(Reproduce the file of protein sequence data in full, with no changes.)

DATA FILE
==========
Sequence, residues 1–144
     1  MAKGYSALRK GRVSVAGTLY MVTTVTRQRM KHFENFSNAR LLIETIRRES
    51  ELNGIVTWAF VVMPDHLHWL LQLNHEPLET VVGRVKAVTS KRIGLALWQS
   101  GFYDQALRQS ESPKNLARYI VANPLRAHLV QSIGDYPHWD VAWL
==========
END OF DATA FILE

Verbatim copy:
Sequence, residues 1–144
     1  MAKGYSALRK GRVSVAGTLY MVTTVTRQRM KHFENFSNAR LLIETIRRES
    51  ELNGIVTWAF VVMPDHLHWL LQLNHEPLET VVGRVKAVTS KRIGLALWQS
   101  GFYDQALRQS ESPKNLARYI VANPLRAHLV QSIGDYPHWD VAWL